- Ethan S. Rafuse, author of "Antietam, South Mountain, and Harpers Ferry: A Battlefield Guide" and "Robert E. Lee and the Fall of the Confederacy, 1863-1865"

"This meticulous study is an outstanding addition to the Maryland literature."

- Bradley M. Gottfried, author of "The Maps of Antietam"

"...the reader will come away with a greater understanding of this crucial campaign and battle."

- James M. McPherson, author of "Crossroads of Freedom: Antietam"

"Engagingly written and persuasively argued, this daringly revisionist book is an essential addition to the Antietam bibliography."

- Brian Matthew Jordan, Pulitzer Prize finalist and associate professor of history at Sam Houston State University

“A masterpiece of meticulous and exhaustively researched scholarship, Their Maryland: The Army of Northern Virginia From the Potomac Crossing to Sharpsburg in September 1862 is a particularly appreciated and valued contribution to the growing library of American Civil War histories. An impressively informative, exceptionally well presented, and thought-provoking study…”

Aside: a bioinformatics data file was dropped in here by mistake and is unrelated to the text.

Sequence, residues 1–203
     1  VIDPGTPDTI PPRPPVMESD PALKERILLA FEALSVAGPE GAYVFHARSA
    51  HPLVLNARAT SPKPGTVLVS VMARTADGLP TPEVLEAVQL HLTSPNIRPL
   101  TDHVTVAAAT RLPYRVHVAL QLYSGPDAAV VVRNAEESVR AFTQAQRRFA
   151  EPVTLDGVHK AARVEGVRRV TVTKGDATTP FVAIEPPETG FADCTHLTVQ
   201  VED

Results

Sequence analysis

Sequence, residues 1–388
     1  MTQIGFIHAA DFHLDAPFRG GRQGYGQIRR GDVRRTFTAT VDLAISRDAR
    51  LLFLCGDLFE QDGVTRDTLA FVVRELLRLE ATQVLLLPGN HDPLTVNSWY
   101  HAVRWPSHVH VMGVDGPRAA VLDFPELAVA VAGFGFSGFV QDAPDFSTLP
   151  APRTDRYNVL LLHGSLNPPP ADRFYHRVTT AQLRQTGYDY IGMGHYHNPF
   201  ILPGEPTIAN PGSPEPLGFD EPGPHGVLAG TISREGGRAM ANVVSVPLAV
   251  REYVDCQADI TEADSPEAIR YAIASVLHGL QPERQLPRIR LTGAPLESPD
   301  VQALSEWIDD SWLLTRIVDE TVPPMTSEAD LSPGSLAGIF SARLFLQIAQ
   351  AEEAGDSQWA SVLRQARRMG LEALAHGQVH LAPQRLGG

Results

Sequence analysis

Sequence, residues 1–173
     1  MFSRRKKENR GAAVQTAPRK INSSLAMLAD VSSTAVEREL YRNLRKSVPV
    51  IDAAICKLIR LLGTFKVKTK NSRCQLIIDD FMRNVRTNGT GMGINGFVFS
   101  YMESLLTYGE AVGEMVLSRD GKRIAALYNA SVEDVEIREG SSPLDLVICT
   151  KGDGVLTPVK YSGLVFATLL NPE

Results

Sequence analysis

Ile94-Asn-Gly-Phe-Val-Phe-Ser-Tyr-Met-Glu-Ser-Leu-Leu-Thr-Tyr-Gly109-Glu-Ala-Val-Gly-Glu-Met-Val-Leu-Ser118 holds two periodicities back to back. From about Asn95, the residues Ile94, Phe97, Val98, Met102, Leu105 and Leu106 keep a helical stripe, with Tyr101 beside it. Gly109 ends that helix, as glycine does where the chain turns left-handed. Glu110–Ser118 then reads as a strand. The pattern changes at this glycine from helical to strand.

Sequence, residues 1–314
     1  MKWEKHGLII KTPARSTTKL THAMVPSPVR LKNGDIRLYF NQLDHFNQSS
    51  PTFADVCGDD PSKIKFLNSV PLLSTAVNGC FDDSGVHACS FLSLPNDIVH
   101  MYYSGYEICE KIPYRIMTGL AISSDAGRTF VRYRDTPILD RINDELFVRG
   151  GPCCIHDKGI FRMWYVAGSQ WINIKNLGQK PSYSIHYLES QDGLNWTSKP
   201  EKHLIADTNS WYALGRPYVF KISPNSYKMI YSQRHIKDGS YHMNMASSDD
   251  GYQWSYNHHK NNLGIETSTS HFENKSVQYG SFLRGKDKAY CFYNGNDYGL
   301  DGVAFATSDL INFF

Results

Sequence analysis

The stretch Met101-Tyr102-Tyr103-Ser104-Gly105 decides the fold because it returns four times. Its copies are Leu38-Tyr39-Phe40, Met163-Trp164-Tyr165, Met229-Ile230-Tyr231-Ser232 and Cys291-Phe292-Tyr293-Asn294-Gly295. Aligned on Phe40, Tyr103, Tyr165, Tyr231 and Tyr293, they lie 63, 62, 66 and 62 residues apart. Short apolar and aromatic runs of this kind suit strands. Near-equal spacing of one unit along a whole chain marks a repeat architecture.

- Midwest Book Review

“Based on primary sources, Rossino's chapters offer clearly different views on a number of topics. Each discussion also displays fruitful engagement with the best and most influential secondary works…those familiar with the campaign's major studies, even if they disagree with some links in the author's chain of analysis, will recognize the formidable nature of Rossino's evidence-based challenges to influential views on a variety of issues related to Lee's army, Lee himself, and the Maryland Campaign as planned and fought.”

- Civil War Books and Authors

“Rossino’s challenging work offers new insights into the Maryland Campaign, persuasively isolates Lee’s motives, and carefully reconstructs the movements of the Army of Northern Virginia. Although readers may not always agree with the author’s claims, they will enjoy the spirited debate inspired by the book.”

- Civil War Monitor